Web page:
Track changes in LaTeX for reviewer comments


I have recently submitted a paper and got reviews back with minor changes before publication, YAY! The journal thankfully supplied a LaTeX template for writing the paper which made me very happy, so I wrote the paper in LaTeX and have been using vimdiff to collaborate with co-authors, for those co-authors who are willing to edit .tex files, and using .pdf comments for those co-authors who are less keen on LaTeX.

Now I have to reply to the reviewers’ comments and supply a revised version of the manuscript. They recommend on the website using “track changes” to make the changes clear in the manuscript, however LaTeX doesn’t have this functionality, not being a WYSIWYG editor. If I was being smarmy I would recommend they use a plain-text diff utility, but that’s probably not a good way to make friends. So I am now looking for a way to do “track changes” in LaTeX.

I have found a few notable options while searching the internet:


This tool is handy because it automates most of the diff-ing between two .tex files, providing simple red strikethrough lines when text is removed and blue if text is added. I found that this small utility doesn’t handle complex changes well though, and is best suited to smaller edits like spelling and word choice. When whole paragraphs start moving around, a manual commenting system is still required, understandably.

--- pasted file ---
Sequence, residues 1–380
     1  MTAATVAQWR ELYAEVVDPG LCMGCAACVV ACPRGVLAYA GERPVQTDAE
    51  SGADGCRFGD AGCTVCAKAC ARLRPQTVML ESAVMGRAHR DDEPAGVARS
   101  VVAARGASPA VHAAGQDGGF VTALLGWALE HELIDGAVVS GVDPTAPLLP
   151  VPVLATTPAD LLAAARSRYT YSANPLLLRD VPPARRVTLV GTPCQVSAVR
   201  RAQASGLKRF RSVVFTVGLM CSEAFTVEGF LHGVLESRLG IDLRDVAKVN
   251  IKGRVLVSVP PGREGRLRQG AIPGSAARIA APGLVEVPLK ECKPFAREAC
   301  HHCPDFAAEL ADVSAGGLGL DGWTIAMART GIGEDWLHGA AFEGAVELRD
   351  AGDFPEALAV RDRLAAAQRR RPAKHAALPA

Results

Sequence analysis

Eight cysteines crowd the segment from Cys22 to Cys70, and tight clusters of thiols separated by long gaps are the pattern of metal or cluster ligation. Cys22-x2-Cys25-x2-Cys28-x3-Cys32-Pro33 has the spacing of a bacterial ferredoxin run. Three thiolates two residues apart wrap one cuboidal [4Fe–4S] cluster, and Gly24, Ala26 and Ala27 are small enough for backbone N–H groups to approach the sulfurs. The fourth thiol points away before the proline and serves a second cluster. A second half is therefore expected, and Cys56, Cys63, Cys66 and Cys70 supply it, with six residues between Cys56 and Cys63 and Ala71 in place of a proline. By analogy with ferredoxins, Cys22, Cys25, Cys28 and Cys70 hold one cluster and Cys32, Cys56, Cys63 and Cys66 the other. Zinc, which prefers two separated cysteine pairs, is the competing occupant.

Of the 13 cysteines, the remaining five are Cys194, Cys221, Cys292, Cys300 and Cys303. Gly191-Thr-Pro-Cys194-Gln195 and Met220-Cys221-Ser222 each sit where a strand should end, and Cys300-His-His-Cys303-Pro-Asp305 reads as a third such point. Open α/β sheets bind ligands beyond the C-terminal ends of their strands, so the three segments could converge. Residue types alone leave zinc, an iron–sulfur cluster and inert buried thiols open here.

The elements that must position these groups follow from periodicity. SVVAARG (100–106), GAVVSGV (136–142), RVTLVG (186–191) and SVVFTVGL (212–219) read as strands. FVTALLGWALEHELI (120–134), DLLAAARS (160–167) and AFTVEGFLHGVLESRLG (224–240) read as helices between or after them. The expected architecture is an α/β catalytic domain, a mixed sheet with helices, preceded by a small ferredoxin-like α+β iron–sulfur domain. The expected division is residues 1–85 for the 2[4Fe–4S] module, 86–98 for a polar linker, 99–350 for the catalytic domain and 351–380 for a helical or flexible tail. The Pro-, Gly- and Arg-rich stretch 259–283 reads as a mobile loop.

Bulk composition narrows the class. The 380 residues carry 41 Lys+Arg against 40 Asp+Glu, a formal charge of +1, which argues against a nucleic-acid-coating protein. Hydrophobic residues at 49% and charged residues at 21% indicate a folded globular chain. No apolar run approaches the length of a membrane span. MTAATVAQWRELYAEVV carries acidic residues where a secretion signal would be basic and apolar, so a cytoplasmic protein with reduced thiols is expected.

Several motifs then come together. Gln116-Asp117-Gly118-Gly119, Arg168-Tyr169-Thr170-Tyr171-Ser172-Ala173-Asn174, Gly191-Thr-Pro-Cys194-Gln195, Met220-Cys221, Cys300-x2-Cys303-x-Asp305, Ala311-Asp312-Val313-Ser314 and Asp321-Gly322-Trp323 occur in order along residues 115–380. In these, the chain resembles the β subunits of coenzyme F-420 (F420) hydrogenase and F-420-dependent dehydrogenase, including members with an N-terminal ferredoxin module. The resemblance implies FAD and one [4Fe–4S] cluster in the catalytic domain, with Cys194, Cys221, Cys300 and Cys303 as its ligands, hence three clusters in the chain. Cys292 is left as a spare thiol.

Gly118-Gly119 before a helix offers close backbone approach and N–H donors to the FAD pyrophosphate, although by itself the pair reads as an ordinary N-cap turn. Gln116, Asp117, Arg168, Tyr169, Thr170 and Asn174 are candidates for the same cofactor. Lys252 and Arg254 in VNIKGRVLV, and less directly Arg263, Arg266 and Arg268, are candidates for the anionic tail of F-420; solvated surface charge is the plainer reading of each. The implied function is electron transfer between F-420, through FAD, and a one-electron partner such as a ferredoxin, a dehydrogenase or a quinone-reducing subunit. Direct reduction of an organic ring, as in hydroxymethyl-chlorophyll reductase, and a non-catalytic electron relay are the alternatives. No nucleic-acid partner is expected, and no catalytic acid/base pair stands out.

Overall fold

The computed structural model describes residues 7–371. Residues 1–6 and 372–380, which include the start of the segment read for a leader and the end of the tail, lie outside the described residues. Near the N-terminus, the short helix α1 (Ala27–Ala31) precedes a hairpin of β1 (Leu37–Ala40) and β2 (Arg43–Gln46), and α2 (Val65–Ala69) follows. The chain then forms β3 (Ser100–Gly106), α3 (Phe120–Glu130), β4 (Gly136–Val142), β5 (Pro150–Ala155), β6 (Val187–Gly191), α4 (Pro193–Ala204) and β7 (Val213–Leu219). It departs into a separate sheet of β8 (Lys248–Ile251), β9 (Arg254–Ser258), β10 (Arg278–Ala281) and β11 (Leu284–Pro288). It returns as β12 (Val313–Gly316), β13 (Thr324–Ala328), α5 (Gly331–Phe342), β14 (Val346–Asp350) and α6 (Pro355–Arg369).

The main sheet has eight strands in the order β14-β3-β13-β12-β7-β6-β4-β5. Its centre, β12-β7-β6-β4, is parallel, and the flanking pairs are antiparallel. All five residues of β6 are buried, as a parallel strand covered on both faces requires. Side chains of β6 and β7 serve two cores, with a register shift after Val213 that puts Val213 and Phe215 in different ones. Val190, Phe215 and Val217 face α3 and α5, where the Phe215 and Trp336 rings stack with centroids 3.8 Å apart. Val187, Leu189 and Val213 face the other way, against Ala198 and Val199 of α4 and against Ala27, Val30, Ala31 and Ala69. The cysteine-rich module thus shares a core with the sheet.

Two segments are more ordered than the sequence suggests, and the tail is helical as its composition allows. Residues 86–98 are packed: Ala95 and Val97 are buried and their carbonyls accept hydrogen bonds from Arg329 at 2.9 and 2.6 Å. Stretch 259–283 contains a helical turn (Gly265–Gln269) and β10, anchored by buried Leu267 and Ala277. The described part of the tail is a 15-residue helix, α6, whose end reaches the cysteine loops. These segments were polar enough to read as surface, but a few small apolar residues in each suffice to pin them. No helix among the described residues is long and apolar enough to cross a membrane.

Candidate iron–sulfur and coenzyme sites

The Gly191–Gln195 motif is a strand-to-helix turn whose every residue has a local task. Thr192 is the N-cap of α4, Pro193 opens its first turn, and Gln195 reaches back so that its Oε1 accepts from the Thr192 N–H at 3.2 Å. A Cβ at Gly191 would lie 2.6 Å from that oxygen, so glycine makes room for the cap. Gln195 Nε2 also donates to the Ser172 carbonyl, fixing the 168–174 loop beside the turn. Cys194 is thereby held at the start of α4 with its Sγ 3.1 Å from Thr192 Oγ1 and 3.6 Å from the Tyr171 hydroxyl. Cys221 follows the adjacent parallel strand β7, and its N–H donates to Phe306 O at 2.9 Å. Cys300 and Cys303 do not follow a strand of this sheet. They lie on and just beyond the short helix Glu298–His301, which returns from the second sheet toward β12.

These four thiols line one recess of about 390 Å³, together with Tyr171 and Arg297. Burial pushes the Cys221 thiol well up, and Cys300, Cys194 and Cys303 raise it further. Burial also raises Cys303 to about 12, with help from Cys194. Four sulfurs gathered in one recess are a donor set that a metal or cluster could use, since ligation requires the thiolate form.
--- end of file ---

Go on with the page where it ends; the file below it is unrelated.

I had some small issues getting this to run on the Windows machine I am using while working away from home, but I found this Stack Overflow page very helpful in providing a solution . I imagine when I try it on a UNIX machine the process will be considerably more streamlined as perl is already installed.


A manual change highlighter, which is well developed. I ran into a few conflicts with definition of the \highlight command, which I think came from the listings package, but this was solved by redefining my lstlisting style.

This package adds:

It also provides the \listofchanges command which is similar to the list of figures output.

It provides options to clear the markup using the final option in the package declaration. There are a bunch of other package options which change what markup is shown in the output .pdf.


revdiff is another manual change highlighter. I guess the value of manual change highlighters is when a single author is preparing a document to send back to reviewers, so they can see how you have implemented changes. It comes with a few basic functions:

It provides an option to remove markup and display the new version with \usepackage[clean]{revdiff}.

The package requires you to download revdiff.sty and keep it somewhere it can be foundby each project, like ~/.texmf/.

It’s unfortunate that comments appear inline rather than in the gutter like “track changes”.


If your needs are simple, it’s not difficult to create a couple of custom commands which style the enclosed text to show if something has been deleted or added. I’ve done this for a long time to add TODO notes for myself, using:



The only option I found which didn’t give me any issues, and the one I ended up using for this project, was revdiff, which contains the minimum of commands I need and produces smart looking .pdf markup.

For future projects I think I will try and make sure that I will try to incorporate latexdiff into my workflow from the start. If I change my editing technique then latexdiff will be able to handle all of this automatically. Possibly if I have one round of latexdiff and then also use revdiff or changes to provide comments.